The Roman Republic: Part One | World History Review
Rome has existed as a distinct civilization from 753 B.C. until its demise in A.D. 476. Within that timespan, the Roman Republic was in existence from 509 B.C. with the abolition of the monarchy, until the rise of the first emperor in 27 B.C. Rome was built along the Tiber river on the Italian Peninsula. Rome was a highly stratified society with patricians at the top of the social hierarchy. These were people descended from the founding families and also very wealthy. All other men who were free, but not part of the patrician class, were known as plebeians. At the bottom of the social hierarchy were the slaves. The Republic was lead by 2 consuls who were chosen annually. The 2 consuls presided over the Senate and the Assembly. The Senate was made up of previously-elected patricians and the assembly was made up of plebeians. Rome had extensive laws regarding individual and property rights. It was Rome’s goal to expand its territory. This brought Rome into conflict with Carthage. Three wars (known as the Punic wars) were fought, which ended with the destruction of Carthage. Rome acquired Sicily in the first war and destroyed the city of Carthage in the third war. After the destruction of Carthage, Rome was able to spread rapidly through conquest. In time, they controlled all the areas around the Mediterranean sea. Rome allowed the people they conquered to maintain their own cultures as long as they paid tribute to Rome. In order to administrate their growing republic, they developed an extensive infrastructure that included their famous and very durable roads as well as aqueducts to transport water.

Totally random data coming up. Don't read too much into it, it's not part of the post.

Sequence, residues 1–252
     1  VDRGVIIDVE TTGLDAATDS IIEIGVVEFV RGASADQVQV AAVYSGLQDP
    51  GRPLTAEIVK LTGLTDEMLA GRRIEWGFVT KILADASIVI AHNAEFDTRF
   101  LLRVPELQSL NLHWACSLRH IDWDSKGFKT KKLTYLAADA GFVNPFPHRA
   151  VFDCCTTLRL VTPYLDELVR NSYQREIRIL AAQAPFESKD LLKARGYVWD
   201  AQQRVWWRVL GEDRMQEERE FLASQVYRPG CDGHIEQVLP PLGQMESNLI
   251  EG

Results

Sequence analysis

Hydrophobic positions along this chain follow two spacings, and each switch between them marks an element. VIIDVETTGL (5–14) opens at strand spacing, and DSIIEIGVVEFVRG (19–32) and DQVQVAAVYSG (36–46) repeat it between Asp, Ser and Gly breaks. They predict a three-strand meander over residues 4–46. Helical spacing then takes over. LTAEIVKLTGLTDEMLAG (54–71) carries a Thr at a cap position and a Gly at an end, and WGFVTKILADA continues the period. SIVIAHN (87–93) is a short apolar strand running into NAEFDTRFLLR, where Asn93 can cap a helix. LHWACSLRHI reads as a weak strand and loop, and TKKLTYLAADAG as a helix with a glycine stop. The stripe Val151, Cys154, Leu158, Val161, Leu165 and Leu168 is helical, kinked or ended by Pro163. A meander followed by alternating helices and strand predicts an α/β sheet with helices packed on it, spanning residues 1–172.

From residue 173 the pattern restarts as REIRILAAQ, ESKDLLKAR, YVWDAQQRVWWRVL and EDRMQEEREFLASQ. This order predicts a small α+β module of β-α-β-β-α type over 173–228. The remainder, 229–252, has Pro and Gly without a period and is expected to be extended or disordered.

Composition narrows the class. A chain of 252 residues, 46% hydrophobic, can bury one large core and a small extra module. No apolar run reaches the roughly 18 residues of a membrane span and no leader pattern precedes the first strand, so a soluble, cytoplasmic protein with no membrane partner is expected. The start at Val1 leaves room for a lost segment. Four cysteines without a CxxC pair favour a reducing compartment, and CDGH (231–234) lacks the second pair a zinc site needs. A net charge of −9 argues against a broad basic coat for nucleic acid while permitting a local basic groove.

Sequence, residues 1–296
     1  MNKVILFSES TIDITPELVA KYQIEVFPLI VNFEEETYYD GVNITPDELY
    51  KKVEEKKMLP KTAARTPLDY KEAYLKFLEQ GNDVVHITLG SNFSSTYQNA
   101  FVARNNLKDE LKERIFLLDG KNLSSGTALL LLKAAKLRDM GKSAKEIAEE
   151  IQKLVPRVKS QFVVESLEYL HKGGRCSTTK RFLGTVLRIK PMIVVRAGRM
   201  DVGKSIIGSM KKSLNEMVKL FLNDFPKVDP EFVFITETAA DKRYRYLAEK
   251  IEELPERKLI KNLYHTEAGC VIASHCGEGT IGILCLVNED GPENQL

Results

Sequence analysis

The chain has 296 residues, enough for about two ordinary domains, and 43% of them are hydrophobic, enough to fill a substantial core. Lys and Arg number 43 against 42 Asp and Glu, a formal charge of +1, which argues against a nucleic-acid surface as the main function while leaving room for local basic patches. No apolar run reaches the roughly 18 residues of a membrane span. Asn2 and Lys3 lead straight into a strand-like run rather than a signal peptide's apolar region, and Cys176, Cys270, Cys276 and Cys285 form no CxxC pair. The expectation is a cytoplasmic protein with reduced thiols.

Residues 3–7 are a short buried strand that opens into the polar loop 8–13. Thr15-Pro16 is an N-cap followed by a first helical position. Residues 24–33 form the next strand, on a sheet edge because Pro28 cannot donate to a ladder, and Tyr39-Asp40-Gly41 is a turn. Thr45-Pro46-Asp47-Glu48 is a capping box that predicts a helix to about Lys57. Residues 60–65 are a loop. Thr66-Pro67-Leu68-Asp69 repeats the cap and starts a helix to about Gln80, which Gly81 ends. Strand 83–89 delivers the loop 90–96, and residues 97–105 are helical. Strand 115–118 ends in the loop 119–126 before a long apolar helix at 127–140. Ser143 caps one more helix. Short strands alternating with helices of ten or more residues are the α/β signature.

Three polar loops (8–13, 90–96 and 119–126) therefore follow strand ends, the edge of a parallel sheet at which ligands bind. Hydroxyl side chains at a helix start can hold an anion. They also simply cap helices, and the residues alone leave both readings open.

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Last updated: 04/06/2018
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